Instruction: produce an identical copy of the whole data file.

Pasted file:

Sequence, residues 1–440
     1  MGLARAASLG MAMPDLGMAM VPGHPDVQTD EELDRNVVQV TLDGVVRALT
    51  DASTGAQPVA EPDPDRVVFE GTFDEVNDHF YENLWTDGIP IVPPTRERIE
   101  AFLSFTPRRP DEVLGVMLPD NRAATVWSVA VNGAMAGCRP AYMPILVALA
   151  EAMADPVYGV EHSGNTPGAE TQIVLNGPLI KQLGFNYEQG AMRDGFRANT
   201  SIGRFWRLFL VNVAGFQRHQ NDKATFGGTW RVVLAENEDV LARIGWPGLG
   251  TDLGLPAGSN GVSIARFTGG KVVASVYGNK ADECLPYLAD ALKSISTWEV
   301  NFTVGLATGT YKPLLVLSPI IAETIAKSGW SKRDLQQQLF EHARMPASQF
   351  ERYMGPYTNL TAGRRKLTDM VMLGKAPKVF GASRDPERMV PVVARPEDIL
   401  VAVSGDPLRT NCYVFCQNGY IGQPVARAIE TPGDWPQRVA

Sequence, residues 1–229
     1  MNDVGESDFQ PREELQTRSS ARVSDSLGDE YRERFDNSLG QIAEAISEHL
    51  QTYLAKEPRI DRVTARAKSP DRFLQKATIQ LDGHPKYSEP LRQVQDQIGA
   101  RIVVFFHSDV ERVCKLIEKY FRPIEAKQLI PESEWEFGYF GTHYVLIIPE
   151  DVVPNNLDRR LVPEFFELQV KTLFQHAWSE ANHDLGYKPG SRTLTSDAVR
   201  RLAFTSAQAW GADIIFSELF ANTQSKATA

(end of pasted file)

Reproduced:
Sequence, residues 1–440
     1  MGLARAASLG MAMPDLGMAM VPGHPDVQTD EELDRNVVQV TLDGVVRALT
    51  DASTGAQPVA EPDPDRVVFE GTFDEVNDHF YENLWTDGIP IVPPTRERIE
   101  AFLSFTPRRP DEVLGVMLPD NRAATVWSVA VNGAMAGCRP AYMPILVALA
   151  EAMADPVYGV EHSGNTPGAE TQIVLNGPLI KQLGFNYEQG AMRDGFRANT
   201  SIGRFWRLFL VNVAGFQRHQ NDKATFGGTW RVVLAENEDV LARIGWPGLG
   251  TDLGLPAGSN GVSIARFTGG KVVASVYGNK ADECLPYLAD ALKSISTWEV
   301  NFTVGLATGT YKPLLVLSPI IAETIAKSGW SKRDLQQQLF EHARMPASQF
   351  ERYMGPYTNL TAGRRKLTDM VMLGKAPKVF GASRDPERMV PVVARPEDIL
   401  VAVSGDPLRT NCYVFCQNGY IGQPVARAIE TPGDWPQRVA

Sequence, residues 1–229
     1  MNDVGESDFQ PREELQTRSS ARVSDSLGDE YRERFDNSLG QIAEAISEHL
    51  QTYLAKEPRI DRVTARAKSP DRFLQKATIQ LDGHPKYSEP LRQVQDQIGA
   101  RIVVFFHSDV ERVCKLIEKY FRPIEAKQLI PESEWEFGYF GTHYVLIIPE
   151  DVVPNNLDRR LVPEFFELQV KTLFQHAWSE ANHDLGYKPG SRTLTSDAVR
   201  RLAFTSAQAW GADIIFSELF ANTQSKATA